Beauty Is Wedging an RZ350 Motor into an RS250 Frame

I am about to ruin your day, because I am going to show you something that you will want very badly, but can’t have. It is what happens when you have the best of both worlds. It is the two-wheeled version of having your cake and eating it too. This machine is called the Yamaprilia, and as the name implies, it is a mashup of the Yamaha RZ350 and the Aprilia RS250. Using the two-stroke, twin-cylinder engine from the RZ350, and the twin-spar aluminum chassis of the RS250, owner Gareth Evans is looking for the best of both worlds. The build is an interesting one – and is featured by our friends at BikeEXIF – as it involves Evans fabricating more than a few parts himself – something that is easier to do when you have a background in mechanical engineering, like Evans does.

The Ducati Panigale R and Its Carbon “Wheel Cover”

While everyone else seems to be turning a blind eye to aerodynamics, Ducati continues to be the brand pushing the aero envelope with its designs. As such, World Superbike fans may have seen this weekend that Chaz Davies was sporting a unique rear end, as Ducati Corse continues to experiment with a lenticular wheel setup. A piece of technology borrowed mostly from cycling, the carbon fiber disc “wheel cover” provides a more slippery surface for the wind to flow over, than the chaos that comes from a spinning spoked wheel on a motorcycle. Ducati has played with a lenticular wheel before, with Michele Pirro sporting the design in the recent MotoGP testing season.

Pirelli Responds to WorldSBK Tire Woes with Change

The Misano round of WorldSBK was dominated by talk of tires. As such, following a weekend fraught with failures, Pirelli will revert to an older specification of tire for the Laguna Seca round. The move sees Pirelli at a crossroads, after a series of high profile incidents during the scorching weekend in Italy. This includes Michael van der Mark’s crash from the lead of Saturday’s race, after a tire failure saw the Dutch rider robbed of his chance to claim his first podium for Yamaha. One has to remember too, Jonathan Rea also crashed out of the lead at the previous round in Donington Park, as it was a shock to see the previously robust Pirelli fail once again.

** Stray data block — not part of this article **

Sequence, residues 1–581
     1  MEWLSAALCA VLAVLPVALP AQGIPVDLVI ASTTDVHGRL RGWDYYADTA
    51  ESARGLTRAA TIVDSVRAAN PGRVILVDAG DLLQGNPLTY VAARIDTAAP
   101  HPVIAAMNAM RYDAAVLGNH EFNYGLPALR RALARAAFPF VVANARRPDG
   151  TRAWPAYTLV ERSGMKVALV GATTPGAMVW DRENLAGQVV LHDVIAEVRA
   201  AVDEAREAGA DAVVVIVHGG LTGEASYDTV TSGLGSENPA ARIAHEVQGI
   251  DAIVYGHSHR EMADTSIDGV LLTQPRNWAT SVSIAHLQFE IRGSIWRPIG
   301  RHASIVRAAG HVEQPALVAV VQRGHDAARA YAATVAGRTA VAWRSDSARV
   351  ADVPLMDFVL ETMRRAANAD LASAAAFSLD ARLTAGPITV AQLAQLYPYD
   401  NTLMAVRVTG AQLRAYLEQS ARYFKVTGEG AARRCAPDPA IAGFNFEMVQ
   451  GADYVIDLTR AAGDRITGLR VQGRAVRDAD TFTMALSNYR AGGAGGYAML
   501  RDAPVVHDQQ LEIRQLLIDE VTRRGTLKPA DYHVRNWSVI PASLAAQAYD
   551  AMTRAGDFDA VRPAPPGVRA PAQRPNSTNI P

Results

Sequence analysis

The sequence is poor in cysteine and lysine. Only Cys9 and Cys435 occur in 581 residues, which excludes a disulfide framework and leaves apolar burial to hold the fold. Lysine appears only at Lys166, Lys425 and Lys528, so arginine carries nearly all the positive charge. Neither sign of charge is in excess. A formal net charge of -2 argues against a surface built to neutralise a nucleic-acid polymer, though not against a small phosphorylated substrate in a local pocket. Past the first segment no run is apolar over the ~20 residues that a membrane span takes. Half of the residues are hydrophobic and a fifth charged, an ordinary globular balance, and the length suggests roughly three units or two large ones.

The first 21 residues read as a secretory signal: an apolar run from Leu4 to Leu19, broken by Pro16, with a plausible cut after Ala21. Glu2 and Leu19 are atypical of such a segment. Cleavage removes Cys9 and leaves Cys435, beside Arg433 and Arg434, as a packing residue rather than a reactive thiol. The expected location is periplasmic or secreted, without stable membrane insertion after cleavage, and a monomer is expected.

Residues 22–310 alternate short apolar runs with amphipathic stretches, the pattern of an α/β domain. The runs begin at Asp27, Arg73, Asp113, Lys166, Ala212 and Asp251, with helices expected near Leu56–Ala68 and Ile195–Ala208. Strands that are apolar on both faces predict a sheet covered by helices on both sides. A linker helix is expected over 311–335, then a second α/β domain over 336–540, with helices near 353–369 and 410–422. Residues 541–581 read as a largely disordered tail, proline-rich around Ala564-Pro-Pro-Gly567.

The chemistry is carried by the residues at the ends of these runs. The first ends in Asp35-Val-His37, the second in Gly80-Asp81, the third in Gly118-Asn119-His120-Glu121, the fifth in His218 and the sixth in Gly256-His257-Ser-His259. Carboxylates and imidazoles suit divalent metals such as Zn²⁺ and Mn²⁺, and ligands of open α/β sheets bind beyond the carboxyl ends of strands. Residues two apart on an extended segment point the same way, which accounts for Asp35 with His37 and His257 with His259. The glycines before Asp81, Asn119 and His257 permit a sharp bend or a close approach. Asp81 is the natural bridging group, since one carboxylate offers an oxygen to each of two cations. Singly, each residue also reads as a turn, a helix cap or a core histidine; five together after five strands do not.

Oh My, The “Miracle Mike” Is One Tasty Indian Scout Build

That’s it. Hell must be freezing over, as I just had to mop up the floor after looking at photos of a cruiser. What you see here is called the “Miracle Mike” and it is the creation of the minds at Young Guns Speed Shop. The bike is built off the Indian Scout, an affordable entry-level cruiser that boasts pretty good performance for its $10,000 price tag, but is generally a pass for anyone that likes leaning more than 31°. Here at Asphalt & Rubber, we’ve had a bit of time on both the Scout and its sibling, the Victory Octane, and found the models to be potent, but in need of a better gearbox and front brakes…and a serious diet wouldn’t hurt too. The Swiss minds at Young Guns seemed to think the same, making smart improvements to the Indian Scout for their creation. And heck, a little nitrous “go juice” never hurts, right?

In Search of the Ultimate Motorcycle Paddock Stand…

Here is something interesting that popped up in my social media feed recently (see, online maketing does work!), which I thought was worthy of sharing with Asphalt & Rubber readers, as I am in search of the ultimate set of paddock stands for my fleet of motorcycles. Dynamoto is a new brand name in the age-old paddock stand business. It is rare to see new things in this space, but the folks at Dynamoto seem to have an interesting concept, as its a bike lift that can move freely around the garage with the bike still on it, using a novel dual-axis wheel design. If your garage is as choked full with motorcycles as mine is, being able to move a bike easily, especially on a service stand, is a valuable ability to have. Dynamoto seems to have this very need in its mind with its clever design, though their design does have its flaws.